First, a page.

Washington Supreme Court
6:54 pm
Mon October 21, 2013

State High Court Points to Police Negligence in Woman's Murder

Advocates for victims of domestic violence are praising a Washington Supreme Court decision that they say could help save lives.

The case concerns the serving of an anti-harassment order by the Federal Way Police Department on a man who later killed his girlfriend.

The May 2008 murder case involves Baerbel "Babs" Roznowski, who was trying to get her often violent live-in boyfriend, Chan “Paul” Kim, to move out. When he refused, she filed for an anti-harassment order.

But when a Federal Way police officer served Kim with the order, the officer did not take the extra step of making sure Roznowski was safe. She wasn’t, and shortly after the visit from police, Kim stabbed Roznowski to death.

The victim's adult children successfully sued the city of Federal Way, charging that police were negligent in serving the court order. Now, in a strongly-worded opinion, the Washington Supreme Court has agreed.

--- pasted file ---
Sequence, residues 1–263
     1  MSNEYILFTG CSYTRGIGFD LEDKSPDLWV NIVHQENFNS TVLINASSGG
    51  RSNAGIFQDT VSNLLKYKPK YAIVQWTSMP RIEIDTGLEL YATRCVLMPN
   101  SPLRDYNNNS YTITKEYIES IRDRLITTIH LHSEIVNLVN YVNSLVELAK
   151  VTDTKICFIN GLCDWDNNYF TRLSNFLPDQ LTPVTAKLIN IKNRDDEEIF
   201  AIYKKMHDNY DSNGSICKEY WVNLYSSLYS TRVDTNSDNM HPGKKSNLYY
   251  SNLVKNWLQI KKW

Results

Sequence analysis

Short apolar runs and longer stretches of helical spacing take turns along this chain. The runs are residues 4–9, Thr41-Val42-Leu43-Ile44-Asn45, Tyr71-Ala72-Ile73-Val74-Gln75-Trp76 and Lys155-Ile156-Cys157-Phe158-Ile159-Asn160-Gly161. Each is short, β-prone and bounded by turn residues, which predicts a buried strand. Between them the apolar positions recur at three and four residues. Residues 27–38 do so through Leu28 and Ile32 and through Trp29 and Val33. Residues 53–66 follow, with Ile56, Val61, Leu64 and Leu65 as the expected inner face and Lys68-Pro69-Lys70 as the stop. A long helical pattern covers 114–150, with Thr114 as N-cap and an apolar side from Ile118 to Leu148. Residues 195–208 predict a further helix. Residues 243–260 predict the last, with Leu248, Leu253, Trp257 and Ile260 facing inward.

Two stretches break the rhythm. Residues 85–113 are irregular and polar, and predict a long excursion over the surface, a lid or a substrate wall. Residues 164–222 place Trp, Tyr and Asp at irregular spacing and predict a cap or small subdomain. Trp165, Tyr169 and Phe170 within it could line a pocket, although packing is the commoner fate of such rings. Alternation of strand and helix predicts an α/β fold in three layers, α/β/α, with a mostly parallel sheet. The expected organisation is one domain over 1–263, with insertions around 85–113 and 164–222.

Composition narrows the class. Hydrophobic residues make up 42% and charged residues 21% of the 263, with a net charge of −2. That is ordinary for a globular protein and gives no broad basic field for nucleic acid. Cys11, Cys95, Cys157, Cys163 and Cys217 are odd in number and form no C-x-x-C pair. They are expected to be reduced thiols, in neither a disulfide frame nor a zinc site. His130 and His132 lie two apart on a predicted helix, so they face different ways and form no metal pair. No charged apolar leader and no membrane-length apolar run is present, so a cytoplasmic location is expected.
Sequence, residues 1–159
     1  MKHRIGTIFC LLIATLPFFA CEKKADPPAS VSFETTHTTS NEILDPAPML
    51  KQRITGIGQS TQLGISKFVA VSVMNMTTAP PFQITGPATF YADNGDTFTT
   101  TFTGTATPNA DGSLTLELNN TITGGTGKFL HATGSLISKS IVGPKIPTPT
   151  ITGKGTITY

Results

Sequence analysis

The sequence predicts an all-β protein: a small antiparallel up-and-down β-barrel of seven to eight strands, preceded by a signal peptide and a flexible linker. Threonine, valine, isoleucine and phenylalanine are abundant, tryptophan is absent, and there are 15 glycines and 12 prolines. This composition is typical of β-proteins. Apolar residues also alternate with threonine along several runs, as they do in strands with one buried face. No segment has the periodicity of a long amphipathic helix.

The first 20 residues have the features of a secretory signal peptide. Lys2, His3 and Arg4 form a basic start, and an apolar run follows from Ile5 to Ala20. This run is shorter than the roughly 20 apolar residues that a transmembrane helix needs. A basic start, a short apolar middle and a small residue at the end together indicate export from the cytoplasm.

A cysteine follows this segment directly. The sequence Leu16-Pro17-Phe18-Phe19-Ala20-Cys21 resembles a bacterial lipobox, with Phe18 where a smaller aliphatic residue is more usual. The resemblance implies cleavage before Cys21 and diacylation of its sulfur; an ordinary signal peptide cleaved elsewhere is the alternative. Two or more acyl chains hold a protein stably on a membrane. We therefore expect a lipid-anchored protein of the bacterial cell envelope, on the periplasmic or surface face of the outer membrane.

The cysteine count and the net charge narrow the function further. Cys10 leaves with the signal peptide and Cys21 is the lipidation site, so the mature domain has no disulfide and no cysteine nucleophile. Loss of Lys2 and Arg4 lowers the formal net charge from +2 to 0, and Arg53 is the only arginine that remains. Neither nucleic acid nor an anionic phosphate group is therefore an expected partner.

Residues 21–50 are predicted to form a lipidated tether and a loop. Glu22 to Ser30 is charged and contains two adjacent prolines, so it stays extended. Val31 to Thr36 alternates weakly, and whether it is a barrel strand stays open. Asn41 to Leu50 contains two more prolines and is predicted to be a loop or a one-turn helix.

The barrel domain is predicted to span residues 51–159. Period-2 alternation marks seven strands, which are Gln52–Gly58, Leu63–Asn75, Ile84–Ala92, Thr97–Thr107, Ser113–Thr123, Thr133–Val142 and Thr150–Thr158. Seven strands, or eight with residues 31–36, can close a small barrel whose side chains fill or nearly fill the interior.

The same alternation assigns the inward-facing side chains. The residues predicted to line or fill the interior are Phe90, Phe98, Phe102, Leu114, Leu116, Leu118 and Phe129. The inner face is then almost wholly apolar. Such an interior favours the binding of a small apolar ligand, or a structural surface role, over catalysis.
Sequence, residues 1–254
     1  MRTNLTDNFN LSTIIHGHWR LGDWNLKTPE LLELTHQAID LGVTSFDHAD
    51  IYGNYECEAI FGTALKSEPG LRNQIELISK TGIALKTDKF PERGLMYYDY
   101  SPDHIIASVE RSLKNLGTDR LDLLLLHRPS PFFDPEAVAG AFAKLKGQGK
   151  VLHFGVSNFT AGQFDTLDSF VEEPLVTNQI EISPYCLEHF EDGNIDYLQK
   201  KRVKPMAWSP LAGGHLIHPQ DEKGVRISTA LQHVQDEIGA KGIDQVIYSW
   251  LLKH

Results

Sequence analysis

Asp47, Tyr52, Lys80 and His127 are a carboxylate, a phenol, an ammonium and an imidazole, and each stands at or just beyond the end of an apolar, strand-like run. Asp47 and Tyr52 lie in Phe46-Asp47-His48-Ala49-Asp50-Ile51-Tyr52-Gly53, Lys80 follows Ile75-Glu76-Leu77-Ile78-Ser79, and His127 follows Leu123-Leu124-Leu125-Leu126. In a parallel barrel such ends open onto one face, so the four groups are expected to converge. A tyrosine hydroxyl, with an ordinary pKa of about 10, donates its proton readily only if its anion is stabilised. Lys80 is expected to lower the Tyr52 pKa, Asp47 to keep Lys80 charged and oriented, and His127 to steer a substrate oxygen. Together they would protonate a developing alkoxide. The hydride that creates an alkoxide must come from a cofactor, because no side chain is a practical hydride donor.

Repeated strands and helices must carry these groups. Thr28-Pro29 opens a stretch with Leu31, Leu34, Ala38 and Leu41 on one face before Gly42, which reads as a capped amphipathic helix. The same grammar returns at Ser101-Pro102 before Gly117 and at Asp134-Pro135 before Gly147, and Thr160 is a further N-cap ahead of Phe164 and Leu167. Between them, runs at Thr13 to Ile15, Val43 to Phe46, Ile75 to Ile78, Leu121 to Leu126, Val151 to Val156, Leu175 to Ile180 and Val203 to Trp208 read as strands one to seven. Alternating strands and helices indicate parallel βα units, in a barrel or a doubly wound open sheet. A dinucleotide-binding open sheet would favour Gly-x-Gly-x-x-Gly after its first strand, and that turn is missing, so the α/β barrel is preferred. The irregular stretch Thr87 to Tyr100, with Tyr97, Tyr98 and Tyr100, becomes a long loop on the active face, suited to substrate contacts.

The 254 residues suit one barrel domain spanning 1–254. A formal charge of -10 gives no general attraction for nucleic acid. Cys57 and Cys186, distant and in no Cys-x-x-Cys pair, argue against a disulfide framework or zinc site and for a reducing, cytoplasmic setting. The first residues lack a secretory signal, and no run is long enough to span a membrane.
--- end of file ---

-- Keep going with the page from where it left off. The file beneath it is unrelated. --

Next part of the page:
Women’s law center Legal Voice filed a friend of the court brief in the case.

“The State Supreme Court went so far as to say that it was entirely possible, if not probable, that her murder could have been averted,” said Lisa Stone with Legal Voice.

Indeed, the murder could have been averted, the court noted, if the officer had paid attention to what was written right on the anti-harassment order, which said that Kim was likely to react violently.

Stone says another important aspect of the court ruling is the court’s recognition that a victim is most vulnerable when at what is called the separation point.

"A woman or a man stands a much higher risk of being harmed or killed at that point when the abuser understands he’s about to lose control over her," Stone said.

Reacting to the ruling, the Federal Way Police Department said it is constantly reviewing its policies to improve the safety of people who petition for court orders. 

Last year in Washington state, 53 people died as a result of domestic violence.